UN report: Fight against HIV/AIDS slowed during pandemic

NPG_1600
A UNAIDS report is sounding the alarm about the lack of progress in recent years in the fight against HIV/AIDS.
UNAIDS.org

A United Nations report is warning that progress in the global fight against HIV/AIDS has slowed as of late in the midst of the ongoing COVID-19 pandemic and emerging financial constraints in lower-income and middle-income countries.

The Joint United Nations Programme on HIV/AIDS (UNAIDS) report, entitled “IN DANGER,” highlighted concerning trends across HIV/AIDS prevention, testing, treatment, deaths, and cases in different parts of the world.

An additional 1.47 million people were on HIV treatment in 2021, which was disappointing compared to previous years when there were more than two million new people on treatment. It was the smallest increase since 2009.

Some of the more worrying areas in that regard were eastern and southern Africa, which saw a lower increase in the number of people on HIV treatment than in previous years. Those regions also conducted fewer HIV tests in 2020 and 2021 than in 2019.

An average of 4,000 people per day were infected with HIV in 2021, which would translate to 1.2 million new infections annually by 2025, the report noted.

“That’s 4,000 people who will need to be tested, started on treatment, avoid infecting their partners, and stay on treatment for the rest of their lives,” Mary Mahy, who spearheads the UNAIDS epidemiology team. “It also translates to 1,800 deaths every day due to AIDS, or one death every minute.”

The 4,000 infections per day means the world is on track to exceed the 2025 target of 370,000 new infections for the year. Eastern Europe, Central Asia, the Middle East, North Africa and Latin America have had increases in HIV infections annually during the last decade. The Caribbean and west and central Africa saw decreases in annual HIV infections between 2020 and 2021.

Among those who were newly infected in 2021, 25% were clients of sex workers and sex partners of key populations, 21% were gay men and other men who have sex with men, 12% were sex workers, 10% were people who inject drugs, and 2 percent were transgender women, the UN reported. The “remaining population” made up the other 30%.

Girls and young women have been disproportionately impacted in the global HIV/AIDS landscape during the COVID-19 pandemic. The report noted that millions of girls missed time in school, saw increases in teenage pregnancy rates, experienced gender-based violence, and lost access to necessary HIV treatment and prevention services. Teen girls and young women are three times more likely than boys and young men to contract HIV in sub-Saharan Africa.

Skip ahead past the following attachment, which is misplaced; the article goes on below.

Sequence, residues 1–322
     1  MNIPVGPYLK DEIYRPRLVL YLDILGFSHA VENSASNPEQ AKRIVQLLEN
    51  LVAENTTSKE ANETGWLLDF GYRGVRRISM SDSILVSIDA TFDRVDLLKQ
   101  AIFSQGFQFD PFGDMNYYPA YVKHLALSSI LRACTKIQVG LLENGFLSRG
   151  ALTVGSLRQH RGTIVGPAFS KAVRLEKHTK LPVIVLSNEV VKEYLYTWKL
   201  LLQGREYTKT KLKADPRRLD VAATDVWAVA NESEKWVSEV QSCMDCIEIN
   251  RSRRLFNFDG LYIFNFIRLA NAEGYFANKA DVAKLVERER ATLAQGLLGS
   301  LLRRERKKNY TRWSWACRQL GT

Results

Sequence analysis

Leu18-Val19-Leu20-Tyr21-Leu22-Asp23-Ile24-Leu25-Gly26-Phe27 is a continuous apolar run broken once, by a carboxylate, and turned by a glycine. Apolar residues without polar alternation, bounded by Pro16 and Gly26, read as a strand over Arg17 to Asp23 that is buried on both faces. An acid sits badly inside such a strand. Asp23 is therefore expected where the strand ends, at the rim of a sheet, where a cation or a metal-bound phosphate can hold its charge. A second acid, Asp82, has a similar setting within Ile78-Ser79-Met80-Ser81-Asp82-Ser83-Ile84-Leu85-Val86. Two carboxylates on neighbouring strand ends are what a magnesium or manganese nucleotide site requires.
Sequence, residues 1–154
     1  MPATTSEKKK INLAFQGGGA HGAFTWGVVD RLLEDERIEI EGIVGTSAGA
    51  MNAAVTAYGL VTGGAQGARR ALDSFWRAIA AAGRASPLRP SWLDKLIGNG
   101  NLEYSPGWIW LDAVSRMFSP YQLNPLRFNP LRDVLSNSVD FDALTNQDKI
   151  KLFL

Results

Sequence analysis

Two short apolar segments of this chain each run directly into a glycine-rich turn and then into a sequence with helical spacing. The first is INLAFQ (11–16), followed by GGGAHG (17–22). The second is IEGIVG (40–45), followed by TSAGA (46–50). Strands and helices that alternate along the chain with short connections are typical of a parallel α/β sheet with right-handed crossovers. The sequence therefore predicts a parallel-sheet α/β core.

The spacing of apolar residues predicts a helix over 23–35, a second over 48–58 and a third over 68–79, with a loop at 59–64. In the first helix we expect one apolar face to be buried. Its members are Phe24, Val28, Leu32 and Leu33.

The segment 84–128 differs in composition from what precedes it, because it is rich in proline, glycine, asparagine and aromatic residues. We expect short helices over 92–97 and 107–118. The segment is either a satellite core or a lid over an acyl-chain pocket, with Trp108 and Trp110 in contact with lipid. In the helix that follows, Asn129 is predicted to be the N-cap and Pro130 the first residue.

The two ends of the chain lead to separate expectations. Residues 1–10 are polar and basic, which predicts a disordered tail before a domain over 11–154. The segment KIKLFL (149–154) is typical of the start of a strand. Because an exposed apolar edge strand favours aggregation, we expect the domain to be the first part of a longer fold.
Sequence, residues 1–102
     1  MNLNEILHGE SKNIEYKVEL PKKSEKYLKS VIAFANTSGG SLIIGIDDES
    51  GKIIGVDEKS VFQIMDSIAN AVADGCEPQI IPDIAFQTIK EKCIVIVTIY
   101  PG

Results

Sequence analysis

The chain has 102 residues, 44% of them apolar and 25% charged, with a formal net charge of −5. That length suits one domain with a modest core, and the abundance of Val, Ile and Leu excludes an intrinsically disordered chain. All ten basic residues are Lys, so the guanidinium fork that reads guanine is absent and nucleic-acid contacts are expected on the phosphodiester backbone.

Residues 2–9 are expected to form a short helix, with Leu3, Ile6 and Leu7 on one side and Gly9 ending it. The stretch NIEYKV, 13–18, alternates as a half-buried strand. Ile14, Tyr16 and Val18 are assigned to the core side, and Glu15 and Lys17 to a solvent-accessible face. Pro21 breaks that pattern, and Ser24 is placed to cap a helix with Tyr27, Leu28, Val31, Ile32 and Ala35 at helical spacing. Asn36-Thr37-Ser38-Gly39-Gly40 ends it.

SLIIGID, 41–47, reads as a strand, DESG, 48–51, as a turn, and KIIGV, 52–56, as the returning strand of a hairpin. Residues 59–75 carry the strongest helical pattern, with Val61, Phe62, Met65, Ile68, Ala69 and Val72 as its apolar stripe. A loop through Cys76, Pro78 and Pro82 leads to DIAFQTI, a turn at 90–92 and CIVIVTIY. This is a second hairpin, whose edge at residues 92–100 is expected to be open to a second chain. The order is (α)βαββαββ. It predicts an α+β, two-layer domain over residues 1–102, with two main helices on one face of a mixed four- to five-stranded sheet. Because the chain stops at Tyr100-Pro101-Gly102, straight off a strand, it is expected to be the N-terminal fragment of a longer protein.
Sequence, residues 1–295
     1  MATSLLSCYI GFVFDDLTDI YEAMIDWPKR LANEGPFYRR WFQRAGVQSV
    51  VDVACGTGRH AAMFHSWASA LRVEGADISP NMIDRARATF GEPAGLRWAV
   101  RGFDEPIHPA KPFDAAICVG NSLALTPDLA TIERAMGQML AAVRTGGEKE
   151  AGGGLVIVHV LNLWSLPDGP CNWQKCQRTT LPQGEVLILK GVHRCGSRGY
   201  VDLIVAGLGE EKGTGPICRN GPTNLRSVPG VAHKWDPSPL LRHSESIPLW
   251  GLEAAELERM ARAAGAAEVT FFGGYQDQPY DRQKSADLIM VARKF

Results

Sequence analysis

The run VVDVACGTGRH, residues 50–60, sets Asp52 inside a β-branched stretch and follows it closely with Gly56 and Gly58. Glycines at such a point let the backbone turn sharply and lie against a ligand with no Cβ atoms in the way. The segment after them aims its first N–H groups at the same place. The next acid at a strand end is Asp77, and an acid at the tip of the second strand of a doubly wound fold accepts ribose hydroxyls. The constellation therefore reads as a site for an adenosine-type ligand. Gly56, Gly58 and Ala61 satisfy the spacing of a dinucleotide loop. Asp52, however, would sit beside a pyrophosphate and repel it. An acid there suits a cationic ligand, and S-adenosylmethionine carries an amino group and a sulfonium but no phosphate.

There were 650,000 people who died of HIV/AIDS-related causes in 2021. Disruptions due to COVID-19 also led to the first increase in tuberculosis-related deaths between 2019 and 2020 — the first such increase since 2006. It is estimated that 214,000 people living with HIV died of tuberculosis in 2020, which represented a 63% drop from 2010 — below the 80% goal set for 2025. The biggest drops in tuberculosis-related deaths were seen in Ethiopia, India, Malawi, South Africa, Tanzania, Thailand, Eswatini, and Kenya.

Complicating the effort to address these issues is the precarious state of funding for HIV/AIDS. Domestic funding among low and middle-income countries has fallen in back-to-back years, with a 2% drop seen in 2021, according to the report. While some countries are instead redirecting funding to other global incidents like the war in Ukraine, other nations are focusing on paying off national debt. More than 50 countries, which combined have 43% of people living with HIV, are expected to decrease their public spending through 2026, the report said.

The world has seen a 57 percent reduction in HIV-related donations from countries outside of the United States, even as those countries have increased donations for other causes by 28 percent.

“It is still possible for leaders to get the response back on track to end AIDS by 2030,” UNAIDS executive director Winnie Byanyima said in a written statement. “Ending AIDS will cost much less money than not ending AIDS. Importantly, actions needed to end AIDS will also better prepare the world to protect itself against the threats of future pandemics.”

According to the report, middle-income countries are facing the possibility of being declared unable to receive HIV-related grants because they have been redirecting funding to the war in Ukraine.

Within some countries — like Cameroon, Ethiopia, Tanzania, and Zambia — there are often wide wealth gaps between those who are virally suppressed and those who are not, prompting the United Nations to call on the world to step up funding to help those in need. Viral suppression is better among poorer communities in countries like Eswatini, Lesotho, Namibia, and Zimbabwe.

Among other shortcomings, the world is also failing to ensure children receive necessary treatment for HIV. While 70% of adults living with HIV were on antiretroviral therapy in 2021, that number dropped to just 41% among children. Meanwhile, antiretroviral therapy for women has not had a notable uptick in eight years. Eighty-two percent of pregnant women living with HIV received antiretroviral therapy. Those who are not on antiretroviral therapy are concentrated in western and central Africa, where 43% of pregnant women with HIV are not on treatment.

More from Around NYC